Books

The best retelling of the Greek myths since Graves

Fry uses paintings such as Botticelli’s Birth of Venus to explain the Greek myths

Mythos: The Greek Myths Retold
by Stephen Fry, Penguin, 466pp, £20

It’s not clear who said Stephen Fry was “a stupid person’s idea of a clever person”. It’s a brilliant line – it just isn’t true of Fry. Fry’s deep understanding of the Greek myths – and his readable retelling of them – could only have been achieved by a very clever man.

The Greek myths are the greatest stories of them all, their origins lost in the mists of time, their descendants echoing through Western literature, from the Romans to the present day. Still, though, the myths are an awkward, baggy thicket of prehistory, folklore and local cults, accumulated over centuries.

With a chatty ease, Fry negotiates his way confidently through the puzzling morass of the family tree of the Greek gods. In fact, he tells the story a bit like a family biography – beginning with the union between Gaia, the Mother Earth goddess, and Ouranos, god of the sky, and their children, including Oceanus, the oldest of the Titans.

Through another of their Titan children, Kronos, Fry leads us on to the famous branch of the divine family tree – in the shape of the Olympian children of Kronos – among them Zeus, Hera, Poseidon and Hades; and Zeus’s children Apollo, Artemis, Ares and Hephaestus. All this sounds like some genealogical bore banging on about the celestial quarterings of the Greek gods. In fact, it all provides a neat skeleton to fit the flesh of the Greek myths on to.

And then Fry always lightens the burden of the myth complications with his trademark mix of bathetic humour and wordplay. So, he first defines Nemesis as “the embodiment of Retribution, that remorseless strand of cosmic justice that punishes presumptuous, overreaching ambition”. And then he switches into a comic gear: “I suppose you could say Holmes was Moriarty’s Nemesis, Bond was Blofeld’s and Jerry was Tom’s.”

The Greek myths are a unique body of creative thought but, to be honest, they’re a bit short on laughs. Fry introduces those laughs, without demeaning the myths. When he’s describing the young Zeus’s extraordinary beauty, he drops in a quick gag of a footnote: “His radiance had become almost painful to look upon. As is often the case with extraordinarily attractive people. It is incumbent upon us to apologise or look away when our beauty causes discomfort.”

Fry studied Greek and Latin at Uppingham. But, unlike a lot of classicists who like to keep their subject obscurely intellectual, he lifts the veil of difficulty, to reveal the beauty of ancient thought. One of his techniques is to explain the myths through famous pictures – such as the birth of Aphrodite, or Venus, displayed in Botticelli’s epic painting.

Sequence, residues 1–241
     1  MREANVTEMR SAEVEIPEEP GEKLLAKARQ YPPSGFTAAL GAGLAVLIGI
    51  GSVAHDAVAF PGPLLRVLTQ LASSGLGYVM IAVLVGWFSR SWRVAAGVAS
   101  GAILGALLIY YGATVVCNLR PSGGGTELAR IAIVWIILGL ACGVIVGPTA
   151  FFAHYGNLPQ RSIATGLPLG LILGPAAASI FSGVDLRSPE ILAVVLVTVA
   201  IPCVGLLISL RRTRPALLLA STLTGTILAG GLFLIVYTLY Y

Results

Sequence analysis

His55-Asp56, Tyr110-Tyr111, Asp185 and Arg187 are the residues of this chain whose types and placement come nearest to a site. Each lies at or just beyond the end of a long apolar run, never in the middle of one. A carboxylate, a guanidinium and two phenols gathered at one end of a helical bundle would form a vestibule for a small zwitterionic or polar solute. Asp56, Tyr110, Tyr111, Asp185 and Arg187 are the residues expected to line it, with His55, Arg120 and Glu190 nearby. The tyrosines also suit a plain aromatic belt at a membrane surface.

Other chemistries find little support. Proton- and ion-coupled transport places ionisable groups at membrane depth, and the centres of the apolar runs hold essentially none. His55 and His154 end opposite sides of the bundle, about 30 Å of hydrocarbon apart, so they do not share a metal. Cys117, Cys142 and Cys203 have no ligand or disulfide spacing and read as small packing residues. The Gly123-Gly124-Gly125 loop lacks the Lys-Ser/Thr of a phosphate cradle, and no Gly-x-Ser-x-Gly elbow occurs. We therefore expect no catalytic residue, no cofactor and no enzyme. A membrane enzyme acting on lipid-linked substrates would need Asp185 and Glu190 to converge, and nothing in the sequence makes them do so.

He is also unabashed about the dirty side of the Greek myths. We know Fry is unabashed about dirtiness in general but, when it comes to the myths, sex is an integral part of the story. It is there, written in the myths, that Erechtheus, the archaic king of Athens, was a product of a clumsy, failed union between Hephaestus and Athena. The bewitching Erechtheum (next door to the Parthenon) – the Ionic temple, part supported by a team of caryatids – is named in honour of Erechtheus. Fry tells the story of the Erechtheum alongside the rude Hephaestus story. He is alive to all the incarnations – literary, historical, architectural, artistic – of the astonishingly flexible myths.

And he follows the myths’ long, winding tails all the way to their modern form. Take the story of Pyramus and Thisbe – the star-crossed lovers who kill themselves, and inspired the tale of Romeo and Juliet. Fry recounts how Pyramus, after his suicide, turned into the river that bore his name for millennia. The River Pyramus – today, the Ceyhan River in Turkey – has been dammed for hydroelectric energy, writes Fry. The power of the doomed lovers now lights Turkish homes.

Fry isn’t too reverent about the myths, for all his love of them. I share his disappointment with the story of Alexander the Great breaking the Gordian knot. The legend held that whoever untied the knot would rule over all Asia. That’s exactly what Alexander the Great did – except he didn’t untie the knot, so much as slice through it with his sword. “He cheated!” as Fry justifiably says.

This is the best telling of the Greek myths since Robert Graves’s version in 1955. Like all good interpreters of the myths, Fry has taken his own selection of the vast cast of gods and goddesses and told the stories in his own way.

My only criticism is the lack of an index. You can read this book straight through as a jolly narrative. But, with an index, it would also work brilliantly as a light, entertaining dictionary of the myths.

Harry Mount is the author of Odyssey – Ancient Greece in the Footsteps of Odysseus (Bloomsbury)